Synonymous Platform Names:
LEO > Low Earth Orbit > Inclined Non-Polar
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The Tropical Rainfall Measuring Mission (or TRMM) is a NASA satellite that provides more information both to test and to improve those models. TRMM is particularly devoted to determining rainfall in ... the tropics and subtropics of the Earth. These regions make up about two thirds of the total rainfall on Earth and are responsible for driving our weather and climate system. TRMM contributed to a better understanding of where and how much the winds blow, where the clouds form and rain occurs, where floods and droughts will occur, and how the winds drive the ocean currents. TRMM accomplished this not just by providing rainfall data but, more importantly, by providing information on heat released into the atmosphere as part of the process that leads to rain.
TRMM was launched on November 27, 1997, on the Japanese H-II vehicle from the Tanegashima Space Center in Tanegashima, Japan. Continuous science data collection began December 8, 1997. Upon completion of the nominal 3-year prime mission, the decision was made to boost the mission from its original altitude of 350km to 402.5km, to reduce fuel consumption and extend the mission life. The TRMM boost was completed August 24, 2001, and the orbit was maintained until 2014, when fuel was depleted and the spacecraft began to descend. Mission operations were terminated in April 2015, the spacecraft re-entered the Earth’s atmosphere and mostly burned up in June 2015.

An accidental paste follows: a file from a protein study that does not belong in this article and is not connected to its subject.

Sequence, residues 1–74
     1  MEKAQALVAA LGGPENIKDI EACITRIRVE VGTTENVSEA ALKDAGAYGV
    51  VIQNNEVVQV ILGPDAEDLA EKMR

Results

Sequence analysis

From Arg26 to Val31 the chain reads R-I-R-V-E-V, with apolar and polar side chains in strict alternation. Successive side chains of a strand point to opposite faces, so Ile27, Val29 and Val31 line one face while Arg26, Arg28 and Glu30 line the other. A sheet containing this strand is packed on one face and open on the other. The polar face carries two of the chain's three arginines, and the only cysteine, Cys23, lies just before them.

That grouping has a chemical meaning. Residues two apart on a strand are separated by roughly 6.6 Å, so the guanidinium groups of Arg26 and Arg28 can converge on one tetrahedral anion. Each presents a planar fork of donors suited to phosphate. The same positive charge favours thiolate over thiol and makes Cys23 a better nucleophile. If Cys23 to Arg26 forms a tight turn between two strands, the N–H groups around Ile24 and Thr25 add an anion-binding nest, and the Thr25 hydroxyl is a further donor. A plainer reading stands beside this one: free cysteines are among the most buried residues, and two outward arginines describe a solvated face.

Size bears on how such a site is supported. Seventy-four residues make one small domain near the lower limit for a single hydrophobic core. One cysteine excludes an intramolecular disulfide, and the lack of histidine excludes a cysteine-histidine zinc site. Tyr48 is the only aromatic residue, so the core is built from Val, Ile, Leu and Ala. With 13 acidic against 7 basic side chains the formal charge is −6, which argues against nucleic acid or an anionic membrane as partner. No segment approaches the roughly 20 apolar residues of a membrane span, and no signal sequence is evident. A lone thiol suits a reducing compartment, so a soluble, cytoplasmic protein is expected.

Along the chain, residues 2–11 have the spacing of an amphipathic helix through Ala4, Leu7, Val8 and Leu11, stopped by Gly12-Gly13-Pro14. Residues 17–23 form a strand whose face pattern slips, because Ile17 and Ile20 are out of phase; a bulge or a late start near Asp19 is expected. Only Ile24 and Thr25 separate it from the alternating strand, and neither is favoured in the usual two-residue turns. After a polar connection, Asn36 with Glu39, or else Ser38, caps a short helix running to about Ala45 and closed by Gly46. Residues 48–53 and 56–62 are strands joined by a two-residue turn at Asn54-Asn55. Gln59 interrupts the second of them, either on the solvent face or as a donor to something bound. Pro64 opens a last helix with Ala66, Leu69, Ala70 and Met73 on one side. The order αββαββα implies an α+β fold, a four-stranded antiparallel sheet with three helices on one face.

TRMM exceeded its 3-year design goal by collecting 17 years of rainfall data, creating a benchmark rainfall climatology which is used to test, compare and improve global climate models. The TRMM dataset of rain distribution across the tropics has narrowed considerably the range of uncertainty in previous space-based rainfall estimates. The choice of a precessing, low-inclination orbit (35°) enabled the quantification of the diurnal cycle of precipitation and convective intensity over land and ocean tropics-wide on fine scales (0.25°). TRMM products have provided the first comprehensive estimates of how rainfall is directly related to latent heat release in the atmosphere, a key characteristic in understanding the impact of tropical rainfall on the general circulation of the atmosphere. Based on hydrometeor vertical structure information from the TRMM active and passive sensors, TRMM produced climatologies of latent heating profiles for analysis and comparison with global models. In addition, the lightning sensor delivered a detailed global map of lightning distribution, and combined with the rain data, led to quantifying the lightning/convection relation for land and ocean.
Launch: Launched: November 27, 1997
Launch Site: Tanegashima Space Center, Japan
Orbit: Altitude: 402 km
Inclination: 35 degrees
Period: 92.6 minutes
Vital Statistics: Weight: 3512 kg
Power: 1100 watts
Design Life: 3 years
CERES (Clouds and the Earth Radiant Energy System
LIS (Lightning Imaging Sensor)
TMI (TRMM Microwave Radiometer)
VIRS (Visible/Infrared Radiometer)
[Summary provided by NASA.]
Tanegashima Island, Japan